But first, a bit of background if you’ll indulge the whim. One fine day, almost four years ago, (and that’s another blog entirely) I finally picked up my pen (a.k.a. keyboard) and began writing the stories that had languished inside my mind for years. I molded them, shaped them, tweaked them, and even sang them lullabies (okay, I didn't really sing—my voice is horrible) before I sent them out into the cruel, cruel world, as I deemed them suitable for consideration. The rejections came en mass no real surprise there. I suppose I could paper an entire wall with all the short, terse, form letters. Nonetheless, because of the few positive, personal rejection letters and with a bit of a push from a very supportive family, I persevered.
And then heaven smiled. I sent a copy of the “Spirit of the Rebellion” to “The Wild Rose Press.” I love this publishing company (and that’s another blog entirely). My lovely editor, Sarah Hansen, took some of her precious time and taught me to write a much better book—much better. She patiently worked with me for several months, because, she said, there were parts of my book she really, really liked. Finally, at long last, I had my first contract. I didn't know then, how much more there was to learn. A contract is only the beginning.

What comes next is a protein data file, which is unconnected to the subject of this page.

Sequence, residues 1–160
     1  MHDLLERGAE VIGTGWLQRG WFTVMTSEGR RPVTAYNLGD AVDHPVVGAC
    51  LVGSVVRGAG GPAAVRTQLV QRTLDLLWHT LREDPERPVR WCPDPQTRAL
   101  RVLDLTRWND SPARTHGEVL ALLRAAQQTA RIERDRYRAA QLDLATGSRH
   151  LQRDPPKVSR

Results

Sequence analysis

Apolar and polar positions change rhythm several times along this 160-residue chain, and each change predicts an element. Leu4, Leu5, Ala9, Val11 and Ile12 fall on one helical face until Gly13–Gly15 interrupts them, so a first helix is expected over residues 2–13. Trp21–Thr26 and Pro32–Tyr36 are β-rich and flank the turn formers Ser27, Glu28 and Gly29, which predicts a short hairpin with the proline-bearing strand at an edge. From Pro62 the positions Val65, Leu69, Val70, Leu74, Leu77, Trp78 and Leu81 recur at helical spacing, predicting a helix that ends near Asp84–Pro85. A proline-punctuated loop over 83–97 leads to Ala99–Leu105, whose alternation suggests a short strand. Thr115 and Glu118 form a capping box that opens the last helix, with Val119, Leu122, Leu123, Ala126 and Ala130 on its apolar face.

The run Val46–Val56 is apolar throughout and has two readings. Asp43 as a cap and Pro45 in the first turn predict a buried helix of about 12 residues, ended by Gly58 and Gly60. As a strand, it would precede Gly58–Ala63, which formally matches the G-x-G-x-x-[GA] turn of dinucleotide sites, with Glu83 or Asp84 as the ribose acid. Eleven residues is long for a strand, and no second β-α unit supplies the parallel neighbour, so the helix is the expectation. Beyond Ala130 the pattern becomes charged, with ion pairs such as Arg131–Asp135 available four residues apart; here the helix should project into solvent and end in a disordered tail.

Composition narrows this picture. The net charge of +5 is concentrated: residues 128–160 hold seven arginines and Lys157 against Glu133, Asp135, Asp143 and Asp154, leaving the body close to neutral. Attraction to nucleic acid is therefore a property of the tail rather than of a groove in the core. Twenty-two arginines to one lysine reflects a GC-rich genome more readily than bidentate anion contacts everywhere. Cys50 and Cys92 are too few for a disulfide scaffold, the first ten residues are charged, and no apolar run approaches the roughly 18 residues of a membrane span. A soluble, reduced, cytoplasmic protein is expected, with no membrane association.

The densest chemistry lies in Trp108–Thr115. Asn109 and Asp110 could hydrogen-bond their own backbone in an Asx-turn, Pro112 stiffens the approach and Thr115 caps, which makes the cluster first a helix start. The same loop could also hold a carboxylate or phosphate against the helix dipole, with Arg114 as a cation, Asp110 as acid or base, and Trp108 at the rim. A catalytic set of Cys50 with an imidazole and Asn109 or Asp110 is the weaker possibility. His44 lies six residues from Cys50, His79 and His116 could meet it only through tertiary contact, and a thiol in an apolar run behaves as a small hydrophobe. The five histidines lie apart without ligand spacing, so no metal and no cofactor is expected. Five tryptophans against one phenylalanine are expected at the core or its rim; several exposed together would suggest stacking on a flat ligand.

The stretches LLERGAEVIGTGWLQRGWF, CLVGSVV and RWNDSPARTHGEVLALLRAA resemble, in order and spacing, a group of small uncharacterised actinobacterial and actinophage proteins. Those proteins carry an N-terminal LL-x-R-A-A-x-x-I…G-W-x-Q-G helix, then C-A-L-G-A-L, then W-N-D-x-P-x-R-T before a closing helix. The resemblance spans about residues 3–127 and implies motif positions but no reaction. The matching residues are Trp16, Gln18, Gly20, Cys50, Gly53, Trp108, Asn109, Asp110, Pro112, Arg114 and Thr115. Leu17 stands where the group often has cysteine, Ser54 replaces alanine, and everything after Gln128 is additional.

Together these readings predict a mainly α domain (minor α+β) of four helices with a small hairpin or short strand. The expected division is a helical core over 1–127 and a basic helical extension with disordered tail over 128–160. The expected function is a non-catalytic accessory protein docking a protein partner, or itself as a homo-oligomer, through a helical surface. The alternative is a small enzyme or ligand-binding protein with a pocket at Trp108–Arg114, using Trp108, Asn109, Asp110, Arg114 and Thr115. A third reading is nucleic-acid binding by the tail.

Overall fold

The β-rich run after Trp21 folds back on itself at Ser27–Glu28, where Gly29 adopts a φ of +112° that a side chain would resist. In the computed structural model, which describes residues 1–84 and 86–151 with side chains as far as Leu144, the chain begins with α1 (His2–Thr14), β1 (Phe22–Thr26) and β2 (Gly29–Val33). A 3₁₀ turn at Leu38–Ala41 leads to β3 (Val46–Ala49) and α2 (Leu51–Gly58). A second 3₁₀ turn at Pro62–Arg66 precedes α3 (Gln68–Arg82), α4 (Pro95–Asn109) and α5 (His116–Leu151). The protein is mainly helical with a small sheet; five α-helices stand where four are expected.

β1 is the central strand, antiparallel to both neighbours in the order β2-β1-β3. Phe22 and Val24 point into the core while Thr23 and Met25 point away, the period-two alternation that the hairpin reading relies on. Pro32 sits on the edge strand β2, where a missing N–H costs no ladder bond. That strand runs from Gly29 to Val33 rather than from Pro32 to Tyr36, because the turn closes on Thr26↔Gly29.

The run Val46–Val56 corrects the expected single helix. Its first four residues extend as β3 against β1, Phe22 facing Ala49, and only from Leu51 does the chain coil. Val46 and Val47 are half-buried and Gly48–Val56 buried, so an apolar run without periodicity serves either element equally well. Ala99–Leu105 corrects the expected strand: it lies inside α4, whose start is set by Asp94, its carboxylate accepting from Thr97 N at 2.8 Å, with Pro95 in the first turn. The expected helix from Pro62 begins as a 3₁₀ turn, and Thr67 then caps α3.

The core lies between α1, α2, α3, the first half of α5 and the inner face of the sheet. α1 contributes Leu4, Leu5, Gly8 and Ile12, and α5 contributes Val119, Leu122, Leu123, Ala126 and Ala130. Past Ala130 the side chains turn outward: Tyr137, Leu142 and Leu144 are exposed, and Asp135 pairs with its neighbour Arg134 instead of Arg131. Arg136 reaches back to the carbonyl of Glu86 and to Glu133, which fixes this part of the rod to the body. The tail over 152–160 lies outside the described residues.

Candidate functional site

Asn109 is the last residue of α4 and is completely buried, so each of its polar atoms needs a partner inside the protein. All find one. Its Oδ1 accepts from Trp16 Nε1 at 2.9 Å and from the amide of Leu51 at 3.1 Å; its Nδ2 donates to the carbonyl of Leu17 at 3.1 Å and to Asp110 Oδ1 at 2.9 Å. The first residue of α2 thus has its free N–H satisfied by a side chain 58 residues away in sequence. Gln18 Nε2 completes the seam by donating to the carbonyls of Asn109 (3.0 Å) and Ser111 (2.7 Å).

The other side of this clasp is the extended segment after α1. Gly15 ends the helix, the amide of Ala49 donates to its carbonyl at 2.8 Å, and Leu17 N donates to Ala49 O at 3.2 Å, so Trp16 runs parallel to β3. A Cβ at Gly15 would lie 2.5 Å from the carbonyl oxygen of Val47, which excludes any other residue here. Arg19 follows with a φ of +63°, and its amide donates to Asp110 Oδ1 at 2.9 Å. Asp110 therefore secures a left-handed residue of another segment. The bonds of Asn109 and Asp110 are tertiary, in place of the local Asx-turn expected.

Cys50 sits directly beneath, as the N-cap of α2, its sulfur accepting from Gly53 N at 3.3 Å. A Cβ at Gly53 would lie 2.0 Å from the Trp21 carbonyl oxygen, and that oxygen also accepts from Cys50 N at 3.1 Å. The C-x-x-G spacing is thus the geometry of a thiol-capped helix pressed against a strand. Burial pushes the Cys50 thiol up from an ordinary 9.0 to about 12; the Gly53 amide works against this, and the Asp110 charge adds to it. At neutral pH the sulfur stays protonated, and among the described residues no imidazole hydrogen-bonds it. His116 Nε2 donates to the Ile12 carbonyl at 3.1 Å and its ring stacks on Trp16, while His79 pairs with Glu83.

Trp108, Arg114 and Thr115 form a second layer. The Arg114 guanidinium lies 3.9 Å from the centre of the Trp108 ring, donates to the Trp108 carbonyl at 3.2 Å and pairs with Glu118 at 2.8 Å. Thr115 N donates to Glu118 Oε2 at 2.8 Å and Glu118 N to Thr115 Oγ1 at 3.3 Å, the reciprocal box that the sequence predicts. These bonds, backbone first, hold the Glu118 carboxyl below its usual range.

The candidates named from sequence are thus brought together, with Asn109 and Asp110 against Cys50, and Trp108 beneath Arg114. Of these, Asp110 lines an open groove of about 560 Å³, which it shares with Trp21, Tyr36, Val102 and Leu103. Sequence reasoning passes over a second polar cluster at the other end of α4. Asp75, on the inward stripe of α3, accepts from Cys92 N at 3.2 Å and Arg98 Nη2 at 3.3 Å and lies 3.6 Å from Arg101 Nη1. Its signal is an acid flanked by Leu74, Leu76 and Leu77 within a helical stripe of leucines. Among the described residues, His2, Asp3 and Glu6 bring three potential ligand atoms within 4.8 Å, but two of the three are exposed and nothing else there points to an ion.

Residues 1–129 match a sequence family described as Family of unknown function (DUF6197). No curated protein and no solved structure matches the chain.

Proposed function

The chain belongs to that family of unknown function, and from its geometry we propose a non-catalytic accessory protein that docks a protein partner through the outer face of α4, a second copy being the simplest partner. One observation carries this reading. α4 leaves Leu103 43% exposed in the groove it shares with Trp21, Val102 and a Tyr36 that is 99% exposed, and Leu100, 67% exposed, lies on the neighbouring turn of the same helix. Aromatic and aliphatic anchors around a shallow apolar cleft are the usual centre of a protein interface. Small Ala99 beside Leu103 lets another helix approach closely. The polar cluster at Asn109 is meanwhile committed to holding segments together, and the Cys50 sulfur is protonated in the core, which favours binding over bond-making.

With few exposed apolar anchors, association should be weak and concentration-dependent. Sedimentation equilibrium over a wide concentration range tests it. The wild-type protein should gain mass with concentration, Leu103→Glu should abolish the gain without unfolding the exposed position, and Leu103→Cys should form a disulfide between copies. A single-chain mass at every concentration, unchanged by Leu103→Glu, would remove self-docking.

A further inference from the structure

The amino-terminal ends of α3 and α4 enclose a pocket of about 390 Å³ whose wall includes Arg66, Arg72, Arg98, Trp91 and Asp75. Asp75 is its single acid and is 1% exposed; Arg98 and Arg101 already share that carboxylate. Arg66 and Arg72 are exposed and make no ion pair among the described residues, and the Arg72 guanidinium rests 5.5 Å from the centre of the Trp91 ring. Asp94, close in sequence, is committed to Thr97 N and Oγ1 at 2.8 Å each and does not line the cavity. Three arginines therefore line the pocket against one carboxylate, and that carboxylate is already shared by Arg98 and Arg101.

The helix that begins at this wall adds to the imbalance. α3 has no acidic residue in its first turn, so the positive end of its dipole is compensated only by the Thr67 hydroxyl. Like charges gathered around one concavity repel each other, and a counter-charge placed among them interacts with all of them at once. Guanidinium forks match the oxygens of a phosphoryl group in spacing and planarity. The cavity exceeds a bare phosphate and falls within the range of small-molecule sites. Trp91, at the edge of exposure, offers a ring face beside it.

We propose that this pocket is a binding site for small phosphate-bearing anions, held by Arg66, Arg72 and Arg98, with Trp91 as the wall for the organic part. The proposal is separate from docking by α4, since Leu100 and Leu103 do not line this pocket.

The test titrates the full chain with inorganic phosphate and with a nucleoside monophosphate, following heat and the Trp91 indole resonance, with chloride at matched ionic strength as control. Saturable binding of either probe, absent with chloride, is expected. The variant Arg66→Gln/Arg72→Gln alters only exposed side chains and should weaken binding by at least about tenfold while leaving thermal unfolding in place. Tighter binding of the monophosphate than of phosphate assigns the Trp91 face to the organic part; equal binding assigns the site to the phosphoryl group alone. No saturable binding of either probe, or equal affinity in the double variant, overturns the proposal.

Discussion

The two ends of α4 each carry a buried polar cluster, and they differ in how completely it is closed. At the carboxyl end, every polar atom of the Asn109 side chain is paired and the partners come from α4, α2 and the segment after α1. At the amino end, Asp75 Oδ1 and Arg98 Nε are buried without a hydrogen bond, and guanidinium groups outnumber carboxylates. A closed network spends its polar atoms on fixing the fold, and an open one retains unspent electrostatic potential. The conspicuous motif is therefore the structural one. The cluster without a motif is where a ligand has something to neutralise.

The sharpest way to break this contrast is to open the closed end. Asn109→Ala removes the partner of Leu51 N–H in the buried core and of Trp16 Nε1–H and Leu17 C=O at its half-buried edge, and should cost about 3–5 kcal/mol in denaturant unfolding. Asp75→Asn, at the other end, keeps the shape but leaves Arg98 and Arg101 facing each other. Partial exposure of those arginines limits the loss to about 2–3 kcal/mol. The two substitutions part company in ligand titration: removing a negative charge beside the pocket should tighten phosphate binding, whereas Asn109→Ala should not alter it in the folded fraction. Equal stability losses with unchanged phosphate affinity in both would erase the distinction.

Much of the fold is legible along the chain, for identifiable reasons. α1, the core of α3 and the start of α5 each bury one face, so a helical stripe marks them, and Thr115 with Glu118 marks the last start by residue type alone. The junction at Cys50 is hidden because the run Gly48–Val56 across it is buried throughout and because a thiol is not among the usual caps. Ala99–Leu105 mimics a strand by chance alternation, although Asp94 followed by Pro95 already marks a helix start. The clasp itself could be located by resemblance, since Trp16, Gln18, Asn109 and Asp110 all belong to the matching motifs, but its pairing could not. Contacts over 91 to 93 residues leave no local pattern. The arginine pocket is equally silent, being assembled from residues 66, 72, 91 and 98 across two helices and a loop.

But for now, let’s just skip to the cover. Most publishing companies, and Wild Rose Press is no exception, do not allow their authors to have any involvement whatsoever with the cover selection, save the information we give them on the cover request sheet. On this sheet, we provide a description of our main characters, mood, place, setting, and genre among other things. Once they have this sheet in hand, they have cover artists that spend several hours creating your cover. Most of the time, (for me anyway), the cover is not even close to what I envisioned…
But then how could it? After all, I created all of the elements in my book. Throughout the process of writing, my hero and heroine came to life inside my head and my head only. They don’t exist in stock photos, nor do the homes they live in. Stock photos are all the cover artist has to work with. (I’m sure you've seen more than one cover that used the same photographs). Once they select the photographs, they have to place them in consideration of the title and the name of the author.
These professional graphic artists make every effort to ensure the cover will stand out in all formats and sizes. Finally, the cover has to go through its own approval process from a committee that knows and understands the industry. These people want your book to be just as successful as you do yourself. If they didn't like it, they wouldn't use it.
So, when that cover finally arrives in your email, the only thing you can do is proudly display it and say… “Well everyone, what do you think?”